- Features: Keyless entry, HUD, 8.8-inch touchscreen, Dual-zone auto climate, 19-inch wheels
- Origin: Fully imported from Germany
Measuring 4,360 mm long, 1,821 mm wide, and 1,526 mm tall, with a 2,670 mm long wheelbase, the X2 shares the same width and wheelbase length as the X1, but it is 49mm shorter and 69 mm lower than the latter.
Design wise, the X2 oozes style, sportiness, and road presence. On the front end, the new trapezoidal kidney grilles and the sleek headlights with LED DRLs give the crossover an aggressive appearance.
The side-profile is just as sporty, thanks to the side-skirts, squared wheel arches, funky wheels, sleek windows, and the rising beltline which flows seamlessly into the rear.
The X2’s rear, however, is a case of love it or hate it. While many love the muscular stance which is complemented by the broad taillights, some of our colleagues said that it looks like an X1 which got squashed by an elephant.
But overall, what we loved most about the X2’s looks is that it looks fresh and didn’t remind us of any other model in the stable, which is a rare occasion these days.
According to BMW, the X2 will not be offered in BMW's usual Luxury or Sport lines, but only in M Sport and M Sport X trims.
The former comes with 19-inch wheels and black accents on the bumper, while the M Sport X line we drove gets way more visual goodies which includes sportier bumpers with ‘Frozen Grey’ accent, 20-inch wheels, and sporty side skirts.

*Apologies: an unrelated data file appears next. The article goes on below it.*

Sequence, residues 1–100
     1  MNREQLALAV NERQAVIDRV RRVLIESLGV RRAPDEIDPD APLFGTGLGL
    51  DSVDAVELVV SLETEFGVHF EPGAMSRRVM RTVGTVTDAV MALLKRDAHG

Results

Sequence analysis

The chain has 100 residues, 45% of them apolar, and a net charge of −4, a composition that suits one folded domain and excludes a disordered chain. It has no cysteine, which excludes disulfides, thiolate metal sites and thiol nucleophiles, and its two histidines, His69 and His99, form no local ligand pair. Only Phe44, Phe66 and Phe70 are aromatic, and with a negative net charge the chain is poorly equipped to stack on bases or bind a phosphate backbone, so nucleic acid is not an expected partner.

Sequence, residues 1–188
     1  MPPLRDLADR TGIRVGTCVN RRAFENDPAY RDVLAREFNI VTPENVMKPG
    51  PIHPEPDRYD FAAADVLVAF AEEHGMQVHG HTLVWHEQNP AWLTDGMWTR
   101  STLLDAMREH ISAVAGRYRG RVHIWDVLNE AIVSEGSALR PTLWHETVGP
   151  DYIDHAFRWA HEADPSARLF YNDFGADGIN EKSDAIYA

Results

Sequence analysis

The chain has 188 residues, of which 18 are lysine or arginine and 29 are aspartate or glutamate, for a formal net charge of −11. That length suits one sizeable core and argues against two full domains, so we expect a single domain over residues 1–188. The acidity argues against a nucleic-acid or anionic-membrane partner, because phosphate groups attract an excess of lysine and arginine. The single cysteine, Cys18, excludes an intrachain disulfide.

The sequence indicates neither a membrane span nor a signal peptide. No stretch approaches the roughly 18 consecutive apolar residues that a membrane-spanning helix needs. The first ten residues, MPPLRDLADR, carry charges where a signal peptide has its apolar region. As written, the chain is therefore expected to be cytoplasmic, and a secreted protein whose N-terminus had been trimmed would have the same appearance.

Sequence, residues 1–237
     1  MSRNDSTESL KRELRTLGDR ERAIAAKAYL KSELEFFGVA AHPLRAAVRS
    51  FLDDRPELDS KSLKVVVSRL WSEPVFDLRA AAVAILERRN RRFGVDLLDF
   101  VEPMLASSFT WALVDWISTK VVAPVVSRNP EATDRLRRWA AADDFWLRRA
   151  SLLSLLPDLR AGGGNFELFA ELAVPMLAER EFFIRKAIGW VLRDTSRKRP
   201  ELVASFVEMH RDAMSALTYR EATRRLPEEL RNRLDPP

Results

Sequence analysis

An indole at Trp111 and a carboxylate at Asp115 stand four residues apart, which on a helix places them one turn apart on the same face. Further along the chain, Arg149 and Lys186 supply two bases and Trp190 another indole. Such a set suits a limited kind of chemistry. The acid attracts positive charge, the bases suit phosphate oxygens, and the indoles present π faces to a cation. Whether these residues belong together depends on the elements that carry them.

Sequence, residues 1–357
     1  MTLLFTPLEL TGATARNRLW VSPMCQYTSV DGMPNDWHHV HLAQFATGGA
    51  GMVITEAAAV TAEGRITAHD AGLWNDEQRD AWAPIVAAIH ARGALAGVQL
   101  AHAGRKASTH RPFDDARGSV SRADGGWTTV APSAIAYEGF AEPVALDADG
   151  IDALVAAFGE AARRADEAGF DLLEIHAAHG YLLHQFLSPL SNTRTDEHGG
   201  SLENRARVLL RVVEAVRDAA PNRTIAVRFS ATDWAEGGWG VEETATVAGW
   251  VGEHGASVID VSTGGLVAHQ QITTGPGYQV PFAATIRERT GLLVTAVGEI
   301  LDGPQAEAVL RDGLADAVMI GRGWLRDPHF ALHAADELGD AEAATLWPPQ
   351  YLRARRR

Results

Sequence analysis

As fresh and flashy as things were on the outside, the interior of the X2 was a bit of a let-down, as things were kept simple in typical BMW fashion. But that was only as far as the visual appeal was concerned.
There was a decent amount of space, and despite having the same ride height as the X1, the front seats of the X2 are positioned lower than the former’s, translating to a sportier driving position and feel.
In the rear, there was decent amount of leg room, but head room came at a premium due to the lower roof.
Build quality and ergonomics were top notch with all the buttons and levers positioned within reach, complemented by the seamless, easy-to-use iDrive infotainment system, which is still among the best in business.